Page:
Welcome to today's live blog, where we'll be keeping you updated as to what's happening at stage 15 of the Giro d'Italia, as well as the rest of the cycling world. It's the last day of the second week, and looks like an unpredictable one, as the riders take on an 'urban mountain stage' in Lombardy.
Key updates (all times BST)
11:09 Race underway
11:22 Cavendish set to announce retirment
11:29 17-man break of the day forms
13:47 Healy chasing KOM points and first over the Selvino
14:46 Vollering wins stage and overall of Vuelta a Burgos
15:11 Grégoire seals overall and Merlier the stage at 4 Days of Dunkirk
16:11 McNulty wins the stage ahead of Healy and Frigo
16:19 Armirail dropped, but retains the pink jersey
The riders are in the neutralised zone. You sense this is the calm before the storm. As soon as the flag drops, expect a real fight to get into the breakaway.
Many puncheurs and classics specialists will see this as their last chance for a stage win: next week’s stages feature hgh mountain stages and a couple of flat sprinter days, and nothing in between.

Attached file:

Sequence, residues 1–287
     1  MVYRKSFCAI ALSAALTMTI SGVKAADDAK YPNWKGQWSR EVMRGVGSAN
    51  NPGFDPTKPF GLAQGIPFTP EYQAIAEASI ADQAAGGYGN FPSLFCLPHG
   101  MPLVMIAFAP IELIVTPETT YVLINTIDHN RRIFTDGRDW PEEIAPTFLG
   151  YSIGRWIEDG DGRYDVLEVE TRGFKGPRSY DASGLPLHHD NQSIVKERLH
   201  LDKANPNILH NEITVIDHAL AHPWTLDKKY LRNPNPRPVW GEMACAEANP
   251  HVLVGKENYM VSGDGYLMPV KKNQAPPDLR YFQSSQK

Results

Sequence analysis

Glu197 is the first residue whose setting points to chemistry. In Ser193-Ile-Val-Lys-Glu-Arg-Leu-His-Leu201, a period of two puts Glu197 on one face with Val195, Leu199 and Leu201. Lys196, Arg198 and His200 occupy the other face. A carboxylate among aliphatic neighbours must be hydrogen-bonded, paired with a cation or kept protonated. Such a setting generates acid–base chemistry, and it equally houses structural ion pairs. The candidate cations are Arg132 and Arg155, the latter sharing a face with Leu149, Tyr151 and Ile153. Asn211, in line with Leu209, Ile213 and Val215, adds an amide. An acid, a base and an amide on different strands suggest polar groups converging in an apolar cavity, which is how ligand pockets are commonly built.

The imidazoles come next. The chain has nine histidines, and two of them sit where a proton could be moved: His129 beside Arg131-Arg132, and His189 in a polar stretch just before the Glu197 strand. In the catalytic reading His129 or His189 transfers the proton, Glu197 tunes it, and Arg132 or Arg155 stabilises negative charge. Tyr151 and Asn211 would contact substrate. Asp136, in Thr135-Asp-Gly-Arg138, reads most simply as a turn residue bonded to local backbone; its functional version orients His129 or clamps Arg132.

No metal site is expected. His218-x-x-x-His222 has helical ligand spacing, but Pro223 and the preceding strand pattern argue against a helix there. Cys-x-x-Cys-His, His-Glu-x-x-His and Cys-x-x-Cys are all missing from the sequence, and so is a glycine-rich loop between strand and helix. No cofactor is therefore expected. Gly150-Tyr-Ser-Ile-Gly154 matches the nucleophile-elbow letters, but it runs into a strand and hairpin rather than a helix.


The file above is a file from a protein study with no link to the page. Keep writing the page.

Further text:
190km to go: The riders are off and the attacks have been flying. Ben Healy and Simone Velasco are up the road together, and a large chasing group are close behind.
As a ‘mini Il Lombardia’ that features the same hilly terrain in Lombardy that characterises that cycling monument, this could be a fruitful day for whichever puncheurs can get into the break.
The climbing could also be hard enough to draw the overall favourites into a GC battle later in the day, but for now it’s all about which stage-hunters can successfully buy a ticket for the lottery by getting themselves in the break.
CAVENDISH SET TO ANNOUNCE RETIRMENT
Big news coming from Italy about the future of Mark Cavendish.
La Gazzetta dello Sport is reporting that the 38-year-old is set to announce his retirement at the end of the 2023 season.
It’s understood that he will make the announcement during tomorrow’s rest day at the Giro d’Italia.
Having signed for Astana Qazaqstan after a long hunt for a new team during the offseason, the Manxman is currently at the Giro and has been competitive in the bunch sprints, but hasn’t managed to win a stage.